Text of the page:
But whatever the challenges, Rittenhouse's students are ready.
The pending deconsolidation is the topic of discussion in Rittenhouse's senior government class. The tables are situated in a U shape so that the seventeen students can face each other. Rittenhouse is a firm but gentle teacher; he never tells his students they're wrong, but he presses them to think critically.
He throws out the first question: "People in Denver might say, 'Why not close that stupid little school in Idalia and spend that extra money on Littleton?'"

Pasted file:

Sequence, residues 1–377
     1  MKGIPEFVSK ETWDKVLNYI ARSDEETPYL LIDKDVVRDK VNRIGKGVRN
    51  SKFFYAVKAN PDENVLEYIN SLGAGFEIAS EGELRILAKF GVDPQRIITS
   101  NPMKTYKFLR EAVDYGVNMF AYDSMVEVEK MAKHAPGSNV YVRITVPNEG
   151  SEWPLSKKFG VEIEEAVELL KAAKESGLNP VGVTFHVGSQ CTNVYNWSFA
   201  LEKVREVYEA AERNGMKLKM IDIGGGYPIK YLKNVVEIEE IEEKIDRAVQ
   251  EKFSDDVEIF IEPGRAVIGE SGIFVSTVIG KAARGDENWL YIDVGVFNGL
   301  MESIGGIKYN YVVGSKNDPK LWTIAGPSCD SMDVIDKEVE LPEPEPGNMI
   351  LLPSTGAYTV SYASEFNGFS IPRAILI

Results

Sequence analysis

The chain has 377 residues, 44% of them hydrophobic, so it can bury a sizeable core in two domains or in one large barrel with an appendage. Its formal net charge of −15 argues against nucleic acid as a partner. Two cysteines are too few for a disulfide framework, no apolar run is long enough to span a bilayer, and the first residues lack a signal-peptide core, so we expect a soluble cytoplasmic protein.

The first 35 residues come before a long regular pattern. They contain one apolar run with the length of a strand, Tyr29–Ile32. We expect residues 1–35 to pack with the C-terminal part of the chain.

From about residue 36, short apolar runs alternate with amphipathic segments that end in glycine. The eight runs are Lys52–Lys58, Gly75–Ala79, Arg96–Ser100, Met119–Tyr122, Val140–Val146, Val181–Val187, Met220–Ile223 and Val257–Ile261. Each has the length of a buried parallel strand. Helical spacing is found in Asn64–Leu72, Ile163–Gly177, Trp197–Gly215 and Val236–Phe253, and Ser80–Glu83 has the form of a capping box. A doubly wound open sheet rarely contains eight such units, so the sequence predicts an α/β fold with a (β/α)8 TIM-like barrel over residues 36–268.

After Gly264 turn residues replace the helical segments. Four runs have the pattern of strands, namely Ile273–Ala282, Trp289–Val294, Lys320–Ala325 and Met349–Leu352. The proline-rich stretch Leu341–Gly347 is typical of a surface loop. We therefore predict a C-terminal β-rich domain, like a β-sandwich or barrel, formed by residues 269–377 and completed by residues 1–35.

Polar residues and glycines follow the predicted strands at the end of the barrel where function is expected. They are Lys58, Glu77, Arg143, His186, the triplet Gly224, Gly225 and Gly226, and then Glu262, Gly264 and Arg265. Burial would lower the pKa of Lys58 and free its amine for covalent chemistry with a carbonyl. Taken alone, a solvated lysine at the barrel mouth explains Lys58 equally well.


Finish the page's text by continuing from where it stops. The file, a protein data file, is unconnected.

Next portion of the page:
"They have to realize our situation out here," offers one student. "If we were sent to Wray, we'd have to drive thirty miles to get to our after-school jobs."
"I think you'd lose on that," Rittenhouse says. "They'd say, 'Why not stay in Wray after school and get a job there instead of driving home first?'"
"This school is the heart of the community," says Khang Chim. "You break up the school, you break up the community."
"Why haven't people in other places, such as big cities, done what we've done for our school?" Rittenhouse asks.
"I think people in urban areas are complacent. If they could see what this rinky-dink town has done, maybe it would put them in their place," Chim says.
"This community came together because we know each other," says Kyle Reeves. "If someone says they're going to do something, they're going to do it. Because if they don't, everyone knows who they are."